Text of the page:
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Elephant at the Chobe River

Elephant at the Chobe River

Year: 2011, Month: May

Botswana > Chobe > Kasane

The Chobe River near Kasane provides a welcome source of water in an otherwise dry and parched savanna area along the border country of Botswana, Namibia, Zambia and Zimbabwe. It is thus a popular place to be for most of the mammals of southern Africa, and many species can be found here. The national park at Chobe is a popular place for visitors, and one of the big attractions are the large numbers of elephants that can be seen and photographed here.

The Chobe National Park covers some 11,000 sq km, and is home to Botswanna's most varied wildlife. Much of this can be seen from the river, and it is quite easy to organise a floating visit to observe the large numbers of hippo, crocodiles, antelope, and elephants. The elephants are frequent visitors to the river banks, as they come to drink or bathe in the water, and quite large herds can often be seen.

Small groups of elephants may make their way across sections of the river to the numerous islands where grazing may be better than on the main banks. It is fascinating to watch how the elephants make this journey, often completely under water, holding their trunks above the water to act as snorkel tubes, like so many submarines. In shallower water the elephants keep in a line, holding trunk to tail, and the baby elephants are especially well taken care of whilst crossing, with larger elephants holding on tightly with trunk or leg to avoid the smaller ones being swept away by the river's current or dragged off by the ever watchful crocodiles.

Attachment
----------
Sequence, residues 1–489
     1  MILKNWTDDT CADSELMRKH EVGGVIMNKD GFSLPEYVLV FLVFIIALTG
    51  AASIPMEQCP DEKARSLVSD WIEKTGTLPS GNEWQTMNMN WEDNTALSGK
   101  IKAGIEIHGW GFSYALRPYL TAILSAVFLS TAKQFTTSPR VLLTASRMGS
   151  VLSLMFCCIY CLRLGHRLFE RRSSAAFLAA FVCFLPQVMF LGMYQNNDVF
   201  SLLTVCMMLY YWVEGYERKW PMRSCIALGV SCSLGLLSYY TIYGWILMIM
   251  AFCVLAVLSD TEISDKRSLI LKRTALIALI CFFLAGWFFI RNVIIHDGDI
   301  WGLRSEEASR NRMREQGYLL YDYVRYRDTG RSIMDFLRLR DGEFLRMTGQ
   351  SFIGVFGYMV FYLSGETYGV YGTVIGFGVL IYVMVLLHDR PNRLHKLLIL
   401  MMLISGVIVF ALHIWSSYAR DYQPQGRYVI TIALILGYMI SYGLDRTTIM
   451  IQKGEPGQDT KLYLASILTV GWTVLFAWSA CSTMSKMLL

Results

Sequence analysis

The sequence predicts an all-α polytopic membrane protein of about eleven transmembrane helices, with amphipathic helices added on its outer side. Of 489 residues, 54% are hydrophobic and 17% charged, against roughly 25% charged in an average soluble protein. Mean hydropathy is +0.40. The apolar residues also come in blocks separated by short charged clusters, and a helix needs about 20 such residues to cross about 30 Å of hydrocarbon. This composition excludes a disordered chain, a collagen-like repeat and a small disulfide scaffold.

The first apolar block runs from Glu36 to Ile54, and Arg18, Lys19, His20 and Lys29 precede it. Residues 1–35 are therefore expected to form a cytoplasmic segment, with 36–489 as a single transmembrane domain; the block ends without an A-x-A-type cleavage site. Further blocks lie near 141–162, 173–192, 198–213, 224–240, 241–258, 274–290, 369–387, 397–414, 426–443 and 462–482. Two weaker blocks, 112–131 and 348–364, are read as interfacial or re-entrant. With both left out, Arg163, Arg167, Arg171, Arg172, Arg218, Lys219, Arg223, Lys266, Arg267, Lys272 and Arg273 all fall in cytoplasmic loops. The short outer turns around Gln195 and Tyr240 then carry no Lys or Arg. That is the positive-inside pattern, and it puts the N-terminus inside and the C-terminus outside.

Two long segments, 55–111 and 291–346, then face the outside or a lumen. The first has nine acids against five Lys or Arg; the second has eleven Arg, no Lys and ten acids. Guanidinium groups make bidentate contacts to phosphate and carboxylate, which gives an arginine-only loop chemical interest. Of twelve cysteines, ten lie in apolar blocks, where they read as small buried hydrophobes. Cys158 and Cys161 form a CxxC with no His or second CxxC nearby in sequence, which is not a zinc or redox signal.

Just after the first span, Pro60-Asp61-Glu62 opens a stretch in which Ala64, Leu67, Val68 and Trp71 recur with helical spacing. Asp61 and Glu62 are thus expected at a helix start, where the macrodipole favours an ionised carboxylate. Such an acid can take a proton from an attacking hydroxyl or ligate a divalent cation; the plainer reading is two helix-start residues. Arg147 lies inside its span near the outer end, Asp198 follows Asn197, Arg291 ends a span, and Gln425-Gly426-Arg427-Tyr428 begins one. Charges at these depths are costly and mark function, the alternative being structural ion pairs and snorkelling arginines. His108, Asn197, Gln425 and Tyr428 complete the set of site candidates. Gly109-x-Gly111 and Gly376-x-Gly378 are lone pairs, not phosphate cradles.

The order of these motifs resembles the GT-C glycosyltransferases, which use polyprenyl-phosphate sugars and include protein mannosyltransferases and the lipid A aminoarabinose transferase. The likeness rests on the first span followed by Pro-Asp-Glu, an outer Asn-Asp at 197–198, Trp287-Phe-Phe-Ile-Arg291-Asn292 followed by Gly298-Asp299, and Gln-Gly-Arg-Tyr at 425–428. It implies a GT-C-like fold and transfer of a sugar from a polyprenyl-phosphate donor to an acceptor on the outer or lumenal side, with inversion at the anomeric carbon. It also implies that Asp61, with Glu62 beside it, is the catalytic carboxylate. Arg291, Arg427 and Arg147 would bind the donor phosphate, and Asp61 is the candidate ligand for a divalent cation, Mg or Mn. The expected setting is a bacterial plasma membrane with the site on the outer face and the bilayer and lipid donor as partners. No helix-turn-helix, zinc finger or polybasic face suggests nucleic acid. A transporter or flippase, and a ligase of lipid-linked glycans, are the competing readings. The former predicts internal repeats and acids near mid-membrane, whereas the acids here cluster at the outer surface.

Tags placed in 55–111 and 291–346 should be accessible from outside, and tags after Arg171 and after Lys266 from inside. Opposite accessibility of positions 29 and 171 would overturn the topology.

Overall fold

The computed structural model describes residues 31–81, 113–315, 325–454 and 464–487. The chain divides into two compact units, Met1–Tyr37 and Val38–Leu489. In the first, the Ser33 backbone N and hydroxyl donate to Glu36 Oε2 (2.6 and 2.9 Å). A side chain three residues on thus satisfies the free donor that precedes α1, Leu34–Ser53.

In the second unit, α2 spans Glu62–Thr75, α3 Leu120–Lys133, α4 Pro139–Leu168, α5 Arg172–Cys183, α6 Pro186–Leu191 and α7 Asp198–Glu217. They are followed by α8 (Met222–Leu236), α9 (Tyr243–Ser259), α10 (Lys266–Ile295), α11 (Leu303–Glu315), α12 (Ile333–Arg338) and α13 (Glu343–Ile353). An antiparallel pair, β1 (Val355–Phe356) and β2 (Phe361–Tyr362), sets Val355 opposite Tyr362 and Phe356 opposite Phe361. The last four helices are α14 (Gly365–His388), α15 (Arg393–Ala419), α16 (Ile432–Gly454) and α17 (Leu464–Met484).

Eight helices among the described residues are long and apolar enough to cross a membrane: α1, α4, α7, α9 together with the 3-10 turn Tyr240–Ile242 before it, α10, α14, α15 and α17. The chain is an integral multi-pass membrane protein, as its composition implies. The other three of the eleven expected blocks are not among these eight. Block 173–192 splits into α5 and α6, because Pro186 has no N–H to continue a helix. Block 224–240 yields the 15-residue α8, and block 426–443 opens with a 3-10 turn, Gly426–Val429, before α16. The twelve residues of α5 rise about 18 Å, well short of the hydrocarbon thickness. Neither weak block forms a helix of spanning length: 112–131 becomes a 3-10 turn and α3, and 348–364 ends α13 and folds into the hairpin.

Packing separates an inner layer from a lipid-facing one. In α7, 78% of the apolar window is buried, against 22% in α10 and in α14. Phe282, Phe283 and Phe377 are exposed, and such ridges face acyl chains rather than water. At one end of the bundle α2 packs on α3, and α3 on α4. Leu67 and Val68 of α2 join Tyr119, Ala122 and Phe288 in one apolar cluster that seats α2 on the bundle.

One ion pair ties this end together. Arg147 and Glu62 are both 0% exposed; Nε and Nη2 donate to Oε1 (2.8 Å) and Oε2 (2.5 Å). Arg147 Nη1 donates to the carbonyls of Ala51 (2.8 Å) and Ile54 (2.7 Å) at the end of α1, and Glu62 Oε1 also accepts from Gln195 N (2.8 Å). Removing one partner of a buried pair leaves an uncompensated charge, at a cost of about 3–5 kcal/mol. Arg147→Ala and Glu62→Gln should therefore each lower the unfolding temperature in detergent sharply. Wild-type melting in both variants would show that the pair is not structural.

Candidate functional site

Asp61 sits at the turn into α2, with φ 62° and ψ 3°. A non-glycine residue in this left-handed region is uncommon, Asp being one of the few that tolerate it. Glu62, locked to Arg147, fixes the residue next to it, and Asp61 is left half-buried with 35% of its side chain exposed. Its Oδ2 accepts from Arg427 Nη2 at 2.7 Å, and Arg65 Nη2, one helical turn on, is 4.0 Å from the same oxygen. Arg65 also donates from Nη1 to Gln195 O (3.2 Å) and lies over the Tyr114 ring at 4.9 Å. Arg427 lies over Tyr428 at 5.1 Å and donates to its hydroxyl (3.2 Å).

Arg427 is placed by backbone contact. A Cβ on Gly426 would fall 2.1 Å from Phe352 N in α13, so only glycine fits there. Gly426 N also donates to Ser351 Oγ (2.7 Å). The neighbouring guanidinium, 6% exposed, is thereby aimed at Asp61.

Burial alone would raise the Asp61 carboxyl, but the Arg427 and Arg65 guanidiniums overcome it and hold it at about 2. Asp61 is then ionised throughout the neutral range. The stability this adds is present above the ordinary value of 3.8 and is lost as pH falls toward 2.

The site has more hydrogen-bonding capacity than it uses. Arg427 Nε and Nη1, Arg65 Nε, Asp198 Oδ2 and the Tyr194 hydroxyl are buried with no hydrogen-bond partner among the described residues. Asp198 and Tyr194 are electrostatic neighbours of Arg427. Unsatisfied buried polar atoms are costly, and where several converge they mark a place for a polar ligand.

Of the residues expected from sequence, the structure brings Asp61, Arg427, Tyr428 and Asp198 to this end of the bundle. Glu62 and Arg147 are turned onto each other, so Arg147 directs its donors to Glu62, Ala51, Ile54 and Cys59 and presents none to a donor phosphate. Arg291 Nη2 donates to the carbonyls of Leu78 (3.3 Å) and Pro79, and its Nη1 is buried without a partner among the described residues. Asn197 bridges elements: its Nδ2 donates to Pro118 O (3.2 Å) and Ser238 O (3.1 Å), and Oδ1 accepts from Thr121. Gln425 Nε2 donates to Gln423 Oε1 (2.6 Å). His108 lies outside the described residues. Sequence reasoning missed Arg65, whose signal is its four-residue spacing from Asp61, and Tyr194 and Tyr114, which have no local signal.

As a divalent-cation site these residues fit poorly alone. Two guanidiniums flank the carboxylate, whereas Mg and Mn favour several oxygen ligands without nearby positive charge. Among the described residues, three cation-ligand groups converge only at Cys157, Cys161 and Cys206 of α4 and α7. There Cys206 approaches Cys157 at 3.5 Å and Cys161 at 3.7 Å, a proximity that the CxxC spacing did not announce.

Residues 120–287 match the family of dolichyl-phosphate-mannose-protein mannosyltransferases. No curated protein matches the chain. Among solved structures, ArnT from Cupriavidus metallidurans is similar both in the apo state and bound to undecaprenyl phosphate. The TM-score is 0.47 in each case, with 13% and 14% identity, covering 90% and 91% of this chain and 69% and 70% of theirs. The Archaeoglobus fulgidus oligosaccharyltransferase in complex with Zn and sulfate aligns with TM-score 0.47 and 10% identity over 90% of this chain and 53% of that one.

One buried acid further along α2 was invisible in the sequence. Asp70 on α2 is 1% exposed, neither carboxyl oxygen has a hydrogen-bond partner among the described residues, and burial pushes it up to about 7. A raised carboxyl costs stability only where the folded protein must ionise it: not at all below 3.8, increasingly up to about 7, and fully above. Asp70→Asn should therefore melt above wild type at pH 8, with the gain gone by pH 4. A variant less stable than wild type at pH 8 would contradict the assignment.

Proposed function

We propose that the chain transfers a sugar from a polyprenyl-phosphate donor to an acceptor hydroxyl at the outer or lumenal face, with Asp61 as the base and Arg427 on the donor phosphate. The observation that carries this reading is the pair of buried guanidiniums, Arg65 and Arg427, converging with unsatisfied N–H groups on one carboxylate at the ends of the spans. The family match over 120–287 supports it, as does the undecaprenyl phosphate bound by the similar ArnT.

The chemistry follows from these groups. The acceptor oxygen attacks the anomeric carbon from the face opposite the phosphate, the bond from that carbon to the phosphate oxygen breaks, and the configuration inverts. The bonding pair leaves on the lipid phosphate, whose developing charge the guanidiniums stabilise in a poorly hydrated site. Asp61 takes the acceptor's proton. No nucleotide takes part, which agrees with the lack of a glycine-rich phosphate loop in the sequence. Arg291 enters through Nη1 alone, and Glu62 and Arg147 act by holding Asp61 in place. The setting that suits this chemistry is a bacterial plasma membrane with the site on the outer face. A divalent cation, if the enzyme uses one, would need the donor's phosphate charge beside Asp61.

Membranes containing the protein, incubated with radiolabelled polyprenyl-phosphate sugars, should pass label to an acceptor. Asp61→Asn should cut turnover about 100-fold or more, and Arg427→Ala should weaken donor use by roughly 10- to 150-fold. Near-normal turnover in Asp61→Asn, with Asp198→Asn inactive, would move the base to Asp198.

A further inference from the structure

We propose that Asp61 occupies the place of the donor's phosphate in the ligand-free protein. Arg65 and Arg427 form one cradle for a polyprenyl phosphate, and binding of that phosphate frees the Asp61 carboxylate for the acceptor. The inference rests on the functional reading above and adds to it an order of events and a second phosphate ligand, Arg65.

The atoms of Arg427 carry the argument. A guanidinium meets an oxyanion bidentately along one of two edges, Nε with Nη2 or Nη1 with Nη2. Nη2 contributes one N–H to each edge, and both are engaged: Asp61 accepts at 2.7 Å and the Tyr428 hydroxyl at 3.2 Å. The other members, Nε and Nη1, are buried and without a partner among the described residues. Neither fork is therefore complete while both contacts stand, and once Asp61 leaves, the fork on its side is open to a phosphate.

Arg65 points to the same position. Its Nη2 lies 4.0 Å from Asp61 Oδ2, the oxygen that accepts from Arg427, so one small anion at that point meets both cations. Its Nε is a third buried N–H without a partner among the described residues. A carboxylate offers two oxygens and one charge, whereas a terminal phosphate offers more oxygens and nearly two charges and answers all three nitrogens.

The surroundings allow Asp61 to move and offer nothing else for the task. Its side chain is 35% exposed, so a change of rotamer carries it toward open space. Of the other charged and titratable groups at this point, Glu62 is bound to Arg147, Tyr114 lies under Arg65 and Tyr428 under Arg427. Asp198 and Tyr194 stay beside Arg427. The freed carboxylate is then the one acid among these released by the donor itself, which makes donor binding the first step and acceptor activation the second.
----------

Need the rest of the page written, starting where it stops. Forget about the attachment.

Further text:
The Chobe River runs mainly north-south in this area on the edges of the national park, and if you are lucky, some of the elephants may cross from their normal location of the eastern side over to the west bank, where there will then be some superb opportunities for elephant sunset silhouette photography. Wherever they happen to be, the photographer will find some superb photographic possibilities, so don't forget that big lens and tripod.

Away from the river, a visit and game drive in the national park is also not to be missed. An early morning trip with a good driver will reveal most of the important animals of Africa, though not rhinos. In my recent visits, I have seen hunting groups of lions, some superb leopards with kill, a lot of hippos, elephants within feet of the vehicle, packs of baboons, and much, much more. Chobe is one of my favourite national parks in Africa, and definitely not to be missed.

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